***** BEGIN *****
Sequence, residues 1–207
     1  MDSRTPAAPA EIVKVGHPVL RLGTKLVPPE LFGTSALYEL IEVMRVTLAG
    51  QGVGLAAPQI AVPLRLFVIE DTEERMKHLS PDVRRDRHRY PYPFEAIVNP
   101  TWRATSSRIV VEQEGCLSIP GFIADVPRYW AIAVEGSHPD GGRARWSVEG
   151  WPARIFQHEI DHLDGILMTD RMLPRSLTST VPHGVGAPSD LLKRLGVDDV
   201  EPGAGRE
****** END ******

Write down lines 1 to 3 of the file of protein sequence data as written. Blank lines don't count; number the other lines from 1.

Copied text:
Sequence, residues 1–207
     1  MDSRTPAAPA EIVKVGHPVL RLGTKLVPPE LFGTSALYEL IEVMRVTLAG
    51  QGVGLAAPQI AVPLRLFVIE DTEERMKHLS PDVRRDRHRY PYPFEAIVNP